20 Nov

8×8 RGB LED Grids – the build

Here’s the list of the major items for the build

  • WS2812B RGB LEDs strips
  • Fadecandy module
  • 3mm MDF board (laser cut)
  • Frosted Perspex

Here’s the project outcome.., 8 x 8 LED grids connected up as a 2 down 2 across. All LEDs are illumined with the full brightness test pattern from the Fadecandy server web page. You’ll notice that there is a slight impurity in the ‘white’ because of the different performance of the red green and blue LEDs within the WS2812B. In practice multicoloured patterns are shown so this is not noticeable. Frosted Perspex is used to diffuse the light. A future design may secure the Perspex in a channel within the MDF as no amount of hot glue secured these well enough.

Multiple 8 x 8 grid with a ‘white’ RGB LED signal

This is the rear view showing the LEDs zig zagging across the LED mount panel. The MDF panel is on the shoulders of a narrow piece of MDF around the inside of the frame. LEDs in strips of 50 were purchased so an extra strip had groups of 14 unsoldered to make these up. The 64 were then rolled without twists onto an old ribbon cable spool so that is was easy to unroll flat onto the LED panel. Heavier hook up wire was taken to every 16th LED to cure any dimming of the LEDs at the end of the strip.

64 LEDs zig zag and glued to an MDF board

To make the cubes in to which the LEDs shine 3mm MDF was laser cut into narrow slotted strips, 7 horizontal and 7 vertical. The cube size is about 52mm. MDF ‘staples’ were also cut and within the mount panel you can see 10mm diameter holes for the LED and the staple arms to be accepted. Each LED and staple were hot glued.

Laser cut MDF sections to make cubes

A custom loom was made with heavier gauge (16AWG) hook up wire for the ground and +5V – 64 LEDs take about 2 Amps at full brightness. When soldered onto the pins and the crimp folded over this just fits the JST connector. For mobile use power was taken from a 12V car battery with a 5 Amp DC to DC step down buck converter module adjusted for 5V output. One per 8 x 8 grid and again part of a loom – à la spaghetti junction – manageable with only 4.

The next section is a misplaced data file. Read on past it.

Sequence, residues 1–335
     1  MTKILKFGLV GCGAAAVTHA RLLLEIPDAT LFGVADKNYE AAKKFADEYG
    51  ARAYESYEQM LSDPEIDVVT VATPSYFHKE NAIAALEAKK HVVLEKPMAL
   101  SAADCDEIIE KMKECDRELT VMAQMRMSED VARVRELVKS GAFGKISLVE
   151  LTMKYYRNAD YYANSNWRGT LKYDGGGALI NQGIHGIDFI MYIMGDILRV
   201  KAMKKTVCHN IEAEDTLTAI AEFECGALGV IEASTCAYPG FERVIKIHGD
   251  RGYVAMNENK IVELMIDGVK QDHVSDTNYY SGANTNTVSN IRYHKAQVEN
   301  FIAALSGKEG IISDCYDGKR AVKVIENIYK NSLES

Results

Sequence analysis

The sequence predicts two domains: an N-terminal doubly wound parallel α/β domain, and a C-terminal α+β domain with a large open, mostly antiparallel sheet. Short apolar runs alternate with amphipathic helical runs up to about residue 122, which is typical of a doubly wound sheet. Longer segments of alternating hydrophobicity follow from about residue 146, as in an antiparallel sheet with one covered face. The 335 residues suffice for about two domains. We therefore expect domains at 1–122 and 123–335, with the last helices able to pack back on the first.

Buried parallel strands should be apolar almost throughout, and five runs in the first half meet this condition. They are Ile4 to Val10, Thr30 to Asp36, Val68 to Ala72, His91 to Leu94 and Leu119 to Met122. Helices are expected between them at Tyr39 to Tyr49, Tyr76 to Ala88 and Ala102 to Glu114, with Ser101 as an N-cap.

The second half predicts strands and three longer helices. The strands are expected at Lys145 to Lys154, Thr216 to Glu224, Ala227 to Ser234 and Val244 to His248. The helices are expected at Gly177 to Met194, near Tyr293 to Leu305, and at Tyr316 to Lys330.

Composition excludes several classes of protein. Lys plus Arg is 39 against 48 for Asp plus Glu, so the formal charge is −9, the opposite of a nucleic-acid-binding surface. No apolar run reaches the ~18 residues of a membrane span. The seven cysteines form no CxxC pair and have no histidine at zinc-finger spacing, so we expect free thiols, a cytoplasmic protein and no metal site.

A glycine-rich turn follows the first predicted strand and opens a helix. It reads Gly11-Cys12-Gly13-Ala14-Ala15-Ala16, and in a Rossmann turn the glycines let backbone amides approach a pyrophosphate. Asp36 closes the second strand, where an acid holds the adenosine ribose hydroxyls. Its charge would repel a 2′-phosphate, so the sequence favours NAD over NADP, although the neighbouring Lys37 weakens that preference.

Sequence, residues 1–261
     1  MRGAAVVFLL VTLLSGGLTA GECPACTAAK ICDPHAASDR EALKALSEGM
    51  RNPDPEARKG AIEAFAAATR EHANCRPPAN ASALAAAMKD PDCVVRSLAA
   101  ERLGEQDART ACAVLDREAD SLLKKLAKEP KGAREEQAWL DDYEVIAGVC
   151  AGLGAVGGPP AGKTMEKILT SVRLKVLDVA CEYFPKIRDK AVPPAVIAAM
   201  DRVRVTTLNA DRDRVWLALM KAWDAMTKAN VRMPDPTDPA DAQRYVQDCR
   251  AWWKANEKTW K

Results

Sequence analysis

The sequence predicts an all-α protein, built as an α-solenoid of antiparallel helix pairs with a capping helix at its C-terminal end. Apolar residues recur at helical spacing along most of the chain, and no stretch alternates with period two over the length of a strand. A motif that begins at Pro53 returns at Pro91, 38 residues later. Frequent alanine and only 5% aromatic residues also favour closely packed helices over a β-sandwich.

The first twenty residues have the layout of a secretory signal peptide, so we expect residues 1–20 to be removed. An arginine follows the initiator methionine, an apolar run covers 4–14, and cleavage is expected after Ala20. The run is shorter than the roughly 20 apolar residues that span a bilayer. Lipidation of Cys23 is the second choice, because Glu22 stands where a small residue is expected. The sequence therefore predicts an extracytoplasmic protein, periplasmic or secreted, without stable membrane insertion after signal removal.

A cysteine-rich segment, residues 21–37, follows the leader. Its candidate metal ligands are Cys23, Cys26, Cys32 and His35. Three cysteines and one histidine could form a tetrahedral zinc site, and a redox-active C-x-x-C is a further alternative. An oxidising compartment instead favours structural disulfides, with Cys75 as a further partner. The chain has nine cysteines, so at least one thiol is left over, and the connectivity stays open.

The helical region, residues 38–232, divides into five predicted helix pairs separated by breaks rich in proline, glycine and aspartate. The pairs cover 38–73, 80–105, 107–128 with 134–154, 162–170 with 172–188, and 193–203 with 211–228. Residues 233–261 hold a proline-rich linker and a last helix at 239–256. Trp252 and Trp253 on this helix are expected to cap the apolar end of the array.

Using the Fadecandy module and the Processing.org IDE the project was quite code light.

  • Code to write patterns to the LEDs was just a few lines
  • Libraries for images, video and audio are easily available
  • Processing code and Fadecandy’s fcserver could be a computer that we could leave at an installation (e.g. Raspberry Pi)

Sample Processing.org code for this project is available on Github…

12 Nov

8×8 RGB LED Grids

One of our long running projects was to design and build large form factor RGB LED grids for a Processing day involving algorithmic soundscapes with reactive displays.

Unforteuntaly due to lockdown that didn’t happen, but the development and construction of the grids continued and during a break in lockdown, we did a guerilla art installation displaying ‘8 bit’ style fireworks and fire displays between Halloween and Bonfire night.

This video is the result

08 Jan


A while back hackaday posted about Trammel Husdons Charliewatch (An analog watch that uses 72 tiny ‘charlieplexed‘ leds.

We liked the project so thought we’d have a go at building some, plus it was a good excuse to try our hand at small component (0603) SMT solder paste assembly and pizza oven reflow.

Case printed on an Anycubic Photon in FunToDo Industrial Black.

With a few cosmetic tweaks to the PCB (the original used numbers but Roman Numerals seemed a bit more appropriate for an analog watch) and a bunch of PCBs ordered from JLCPCB, we assembled a couple to test and to design a new case around.